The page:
Pre-load repositories already cloned to disk
You can use repositories that are already cloned to disk on the host machine to speed up Sourcegraph’s cloning. This is useful for very large repositories on which cloning exceeds the resources available to the Docker container. This is not intended for individual users who want to set up a personal Sourcegraph instance just for searching code on their own local disk; we recommend either using a CLI tool such as ripgrep instead, or simply connecting Sourcegraph to your code host with a limited set of repositories.
The steps documented here are intended for Sourcegraph instances running on a single node. The general process also applies for clustered deployments of Sourcegraph to Kubernetes, but you need to perform these steps on the underlying node hosting the
gitserver pod, or on the persistent volume used by the
If you’re using the default
--volume $HOME/.sourcegraph/data:/var/opt/sourcegraph argument to run the
sourcegraph/server Docker image, and the repository you want to add is named
github.com/my/repo, then follow these steps:
Ensure that the added repository is included in a code host configuration on Sourcegraph.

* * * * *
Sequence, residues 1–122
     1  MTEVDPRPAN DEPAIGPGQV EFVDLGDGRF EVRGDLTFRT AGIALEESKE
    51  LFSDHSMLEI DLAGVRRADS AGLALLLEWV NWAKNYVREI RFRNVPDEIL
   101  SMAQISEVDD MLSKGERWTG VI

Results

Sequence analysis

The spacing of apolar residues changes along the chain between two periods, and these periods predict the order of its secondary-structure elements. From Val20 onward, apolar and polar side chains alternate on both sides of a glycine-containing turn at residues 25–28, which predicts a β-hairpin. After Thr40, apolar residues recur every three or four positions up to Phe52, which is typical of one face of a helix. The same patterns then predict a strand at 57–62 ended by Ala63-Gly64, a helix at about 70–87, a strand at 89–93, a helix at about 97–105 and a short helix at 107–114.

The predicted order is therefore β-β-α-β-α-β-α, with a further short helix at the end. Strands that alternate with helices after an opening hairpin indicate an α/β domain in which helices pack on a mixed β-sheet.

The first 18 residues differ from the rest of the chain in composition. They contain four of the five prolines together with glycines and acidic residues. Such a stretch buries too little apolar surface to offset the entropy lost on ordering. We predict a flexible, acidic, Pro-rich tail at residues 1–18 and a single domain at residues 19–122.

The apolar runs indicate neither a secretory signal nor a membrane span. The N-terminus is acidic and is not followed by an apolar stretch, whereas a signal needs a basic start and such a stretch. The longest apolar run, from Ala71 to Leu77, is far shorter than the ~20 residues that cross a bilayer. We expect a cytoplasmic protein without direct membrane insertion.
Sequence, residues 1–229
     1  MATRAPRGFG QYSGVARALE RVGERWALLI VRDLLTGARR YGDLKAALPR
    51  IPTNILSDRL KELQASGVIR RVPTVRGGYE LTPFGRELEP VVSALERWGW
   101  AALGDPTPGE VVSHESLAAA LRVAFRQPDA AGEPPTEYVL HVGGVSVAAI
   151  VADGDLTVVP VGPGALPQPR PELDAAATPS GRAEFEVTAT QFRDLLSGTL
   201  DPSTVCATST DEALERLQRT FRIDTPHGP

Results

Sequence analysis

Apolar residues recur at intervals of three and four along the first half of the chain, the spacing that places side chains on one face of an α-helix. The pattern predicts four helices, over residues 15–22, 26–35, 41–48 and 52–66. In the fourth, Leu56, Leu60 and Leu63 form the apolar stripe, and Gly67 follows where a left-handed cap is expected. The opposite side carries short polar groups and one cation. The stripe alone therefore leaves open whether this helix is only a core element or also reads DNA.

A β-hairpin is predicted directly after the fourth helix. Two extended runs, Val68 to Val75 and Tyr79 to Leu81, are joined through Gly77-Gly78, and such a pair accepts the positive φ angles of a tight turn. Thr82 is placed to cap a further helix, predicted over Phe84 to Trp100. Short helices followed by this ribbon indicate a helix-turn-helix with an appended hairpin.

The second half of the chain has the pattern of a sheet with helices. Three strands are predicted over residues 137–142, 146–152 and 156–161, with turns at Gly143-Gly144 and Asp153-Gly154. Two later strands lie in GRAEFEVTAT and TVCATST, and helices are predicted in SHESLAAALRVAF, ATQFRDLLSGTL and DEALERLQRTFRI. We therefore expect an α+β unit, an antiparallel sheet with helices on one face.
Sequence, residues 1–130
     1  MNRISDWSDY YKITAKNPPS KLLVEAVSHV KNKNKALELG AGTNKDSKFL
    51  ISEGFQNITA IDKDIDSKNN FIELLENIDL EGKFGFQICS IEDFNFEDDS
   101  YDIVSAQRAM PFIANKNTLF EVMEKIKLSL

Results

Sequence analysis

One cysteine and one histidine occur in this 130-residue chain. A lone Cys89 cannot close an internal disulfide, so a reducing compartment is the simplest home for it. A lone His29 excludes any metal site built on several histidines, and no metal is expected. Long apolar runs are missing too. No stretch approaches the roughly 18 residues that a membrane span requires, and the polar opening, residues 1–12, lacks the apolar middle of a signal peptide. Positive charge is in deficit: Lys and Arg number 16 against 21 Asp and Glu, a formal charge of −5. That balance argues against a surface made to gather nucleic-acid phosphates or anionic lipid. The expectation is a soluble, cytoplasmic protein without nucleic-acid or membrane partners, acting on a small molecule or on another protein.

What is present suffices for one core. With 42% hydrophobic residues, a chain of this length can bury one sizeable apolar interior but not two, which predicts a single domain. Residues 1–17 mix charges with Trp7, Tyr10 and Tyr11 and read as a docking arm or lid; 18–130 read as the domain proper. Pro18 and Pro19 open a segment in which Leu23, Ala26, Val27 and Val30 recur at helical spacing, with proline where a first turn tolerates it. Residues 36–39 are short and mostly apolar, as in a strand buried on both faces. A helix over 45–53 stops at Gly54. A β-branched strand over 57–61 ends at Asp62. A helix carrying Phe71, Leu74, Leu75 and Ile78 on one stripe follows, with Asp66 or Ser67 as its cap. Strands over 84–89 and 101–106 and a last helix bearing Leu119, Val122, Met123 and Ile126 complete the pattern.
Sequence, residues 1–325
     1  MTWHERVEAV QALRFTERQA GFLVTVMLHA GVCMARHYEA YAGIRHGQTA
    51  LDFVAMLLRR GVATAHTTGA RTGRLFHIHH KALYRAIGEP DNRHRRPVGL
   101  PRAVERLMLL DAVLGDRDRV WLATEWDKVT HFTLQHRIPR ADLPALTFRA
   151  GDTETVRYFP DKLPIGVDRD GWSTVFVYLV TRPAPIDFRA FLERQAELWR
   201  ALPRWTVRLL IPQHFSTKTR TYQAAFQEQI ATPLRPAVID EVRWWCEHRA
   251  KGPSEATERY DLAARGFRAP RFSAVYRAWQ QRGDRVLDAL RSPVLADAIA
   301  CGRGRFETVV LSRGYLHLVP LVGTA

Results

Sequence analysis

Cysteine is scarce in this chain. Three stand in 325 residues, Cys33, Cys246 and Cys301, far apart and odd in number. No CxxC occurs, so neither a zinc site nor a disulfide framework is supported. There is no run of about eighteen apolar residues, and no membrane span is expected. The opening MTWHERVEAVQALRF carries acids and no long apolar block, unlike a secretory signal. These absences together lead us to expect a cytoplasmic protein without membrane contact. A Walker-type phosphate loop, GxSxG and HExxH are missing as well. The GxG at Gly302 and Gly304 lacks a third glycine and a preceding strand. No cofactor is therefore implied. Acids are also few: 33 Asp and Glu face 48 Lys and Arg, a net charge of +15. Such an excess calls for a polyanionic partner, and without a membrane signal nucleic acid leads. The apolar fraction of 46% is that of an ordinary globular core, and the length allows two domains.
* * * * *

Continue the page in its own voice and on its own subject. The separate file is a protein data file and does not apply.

Stop Sourcegraph if it is running. This is to ensure it doesn’t interfere with the clone.
On the host machine, ensure that a bare Git clone of the repository exists at
To create a new clone given its clone URL:
git clone --mirror YOUR-REPOSITORY-CLONE-URL $HOME/.sourcegraph/data/repos/github.com/my/repo/.git
Or, as an optimization, you can reuse an existing local clone to avoid needing to fetch all the repository data again:
git clone --mirror --reference PATH-TO-YOUR-EXISTING-LOCAL-CLONE --dissociate YOUR-REPOSITORY-CLONE-URL $HOME/.sourcegraph/data/repos/github.com/my/repo/.git
If this repository exists on a code host that Sourcegraph integrates with, then use that code host’s configuration (as described in the code host documentation). After updating the code host configuration, if you used the correct repository path, Sourcegraph will detect and reuse the existing clone. (For example, if you’re working with a repository on GitHub.com, ensure that the repository path name you used is of the form